Camps verses Neighborhoods: What’s in a name?

Camps verses Neighborhoods: What’s in a name?


4:10 AM.  The call to prayer drifts hauntingly through the cool morning air.  I am reminded in the depths of my sleep that I am not in Ohio anymore; I am in Beirut, Lebanon—a predominately Muslim country. Our visit happens to fall during the religious season of Ramadan. The call to prayer is a reminder for devout Muslims that daylight is coming and the daily fast will begin again soon—if you want anything to eat or drink, it must be taken now before the sun rises.

The day breaks and it is splendid, it is gorgeous…again here in Lebanon.  At break-fast Peter (Makari), our group leader, shared a story with me that the people of Lebanon often tell each other:
“We are so blessed here in Lebanon! God, how is it that you have created for us the beauty of the Mediterrean Sea, the majesty of the mountains and in the valleys between the mountains and the sea…such rich and fertile soil that it produces for us the most delicious fruit?! Why God, why did you give us so many blessings…it is too much like heaven!”
But then God said, “Yes but you haven’t met your neighbors yet.” 

It is Thursday, August 25. Our day today in Lebanon is full of these very same contrasts of heaven and hell on earth. Today we spent most of the day with Ms. Sylvia Haddad.

Sylvia was a hoot to say the least.

To be able to maintain such a sense of humor and justice in the face of such overwhelming poverty makes her nothing less than a saint. Sylvia keeps a vocational training school, a pre-school, afterschool tutoring, and an elementary school all operating on a shoe string. We were able to witness a blessing being bestowed on the Palestinians through our One Great Hour of Sharing by Sylvia’s hand.

I was struck most by a phrase that was often used today, but I never thought much about it until my visit to the two Palestinians refugee camps Sabra and Shatilla.
To me the word “camp”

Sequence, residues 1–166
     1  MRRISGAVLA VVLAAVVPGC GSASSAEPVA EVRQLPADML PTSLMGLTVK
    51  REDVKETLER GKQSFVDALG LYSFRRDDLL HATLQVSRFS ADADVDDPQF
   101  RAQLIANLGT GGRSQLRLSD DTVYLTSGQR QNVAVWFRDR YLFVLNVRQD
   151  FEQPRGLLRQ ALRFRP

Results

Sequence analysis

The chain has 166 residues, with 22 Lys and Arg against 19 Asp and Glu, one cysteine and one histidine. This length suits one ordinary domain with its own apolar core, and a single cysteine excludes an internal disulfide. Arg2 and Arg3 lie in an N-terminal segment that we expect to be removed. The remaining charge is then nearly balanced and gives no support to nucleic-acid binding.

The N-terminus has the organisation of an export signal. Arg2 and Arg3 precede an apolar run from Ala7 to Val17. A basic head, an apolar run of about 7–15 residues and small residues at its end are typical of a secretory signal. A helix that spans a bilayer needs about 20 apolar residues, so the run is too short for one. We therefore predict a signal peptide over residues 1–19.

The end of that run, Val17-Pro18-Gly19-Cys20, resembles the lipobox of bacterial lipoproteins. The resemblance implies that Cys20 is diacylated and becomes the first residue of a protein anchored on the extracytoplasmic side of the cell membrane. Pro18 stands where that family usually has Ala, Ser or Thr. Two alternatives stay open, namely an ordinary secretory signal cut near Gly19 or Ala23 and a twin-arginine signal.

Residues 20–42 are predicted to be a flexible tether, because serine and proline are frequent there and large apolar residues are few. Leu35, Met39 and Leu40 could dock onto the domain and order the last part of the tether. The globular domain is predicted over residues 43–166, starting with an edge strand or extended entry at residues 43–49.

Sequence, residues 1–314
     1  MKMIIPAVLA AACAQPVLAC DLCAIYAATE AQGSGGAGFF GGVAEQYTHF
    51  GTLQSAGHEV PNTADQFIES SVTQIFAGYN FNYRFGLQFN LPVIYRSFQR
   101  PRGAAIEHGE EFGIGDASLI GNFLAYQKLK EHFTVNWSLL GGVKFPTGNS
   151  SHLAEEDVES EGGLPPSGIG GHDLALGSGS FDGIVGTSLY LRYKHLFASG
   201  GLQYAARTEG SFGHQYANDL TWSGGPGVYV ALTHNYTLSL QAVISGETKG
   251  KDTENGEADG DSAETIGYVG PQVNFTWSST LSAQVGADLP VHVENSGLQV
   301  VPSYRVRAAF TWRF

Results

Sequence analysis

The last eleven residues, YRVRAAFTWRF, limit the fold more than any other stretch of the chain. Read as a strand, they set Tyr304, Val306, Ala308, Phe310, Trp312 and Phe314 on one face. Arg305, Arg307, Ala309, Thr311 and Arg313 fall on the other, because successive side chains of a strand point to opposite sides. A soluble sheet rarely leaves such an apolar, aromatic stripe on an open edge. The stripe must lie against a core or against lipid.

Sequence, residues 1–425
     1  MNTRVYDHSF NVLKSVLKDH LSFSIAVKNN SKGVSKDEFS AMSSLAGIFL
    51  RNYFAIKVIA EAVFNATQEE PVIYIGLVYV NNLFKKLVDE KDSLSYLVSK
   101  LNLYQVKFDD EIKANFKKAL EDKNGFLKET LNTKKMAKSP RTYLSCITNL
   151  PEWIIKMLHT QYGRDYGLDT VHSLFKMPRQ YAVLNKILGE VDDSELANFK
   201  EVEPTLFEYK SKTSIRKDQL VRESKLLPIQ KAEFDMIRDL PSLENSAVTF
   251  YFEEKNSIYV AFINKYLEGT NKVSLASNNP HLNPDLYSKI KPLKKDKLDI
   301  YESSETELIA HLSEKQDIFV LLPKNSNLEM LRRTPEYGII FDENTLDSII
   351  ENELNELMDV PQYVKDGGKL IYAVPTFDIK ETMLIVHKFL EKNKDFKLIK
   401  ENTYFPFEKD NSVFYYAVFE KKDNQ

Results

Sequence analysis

…means something…pleasant…like summer camp;
or…means something…dark…like concentration camp;
But mostly, it means temporary.

When we visited Sabra and Shatilla, I was expecting something totally different than what I saw. I was expecting temporary housing; I was expecting maybe shacks of cardboard; maybe canvas tents hastily thrown up in the desert, maybe a squatter’s village made up plastic sheets. 

But what we saw were permanent, huge, concrete, six and seven-story tall apartment buildings with several families living on top of each other with narrow alleys and streets knitting them all together.

To me, these were not camps.
To me, these looked like neighborhoods.

I had to wonder…and ask:
What does it do to families to tell them they lived in “camps”?
What does it do to their self-esteem…to call their homes “camps”?
 (These refugee “camps” were birthed soon after the 1948 United Nations resolution that created Israel.)
Why…after 63 years…do we still call their homes “camps”? How long must a pilgrim people live in a place before they can call it home?

    1 By the rivers of Babylon,
There we sat down and wept,
When we remembered Zion.
2 Upon the willows in the midst of it
We hung our harps.
3 For there our captors demanded of us songs,
And our tormentors mirth, saying,
“Sing us one of the songs of Zion.”

   4 How can we sing the LORD’S song
In a foreign land?
5 If I forget you, O Jerusalem,
May my right hand forget her skill.
6 May my tongue cling to the roof of my mouth
If I do not remember you,
If I do not exalt Jerusalem
Above my chief joy.

                                              Psalm 137:1-6 NASB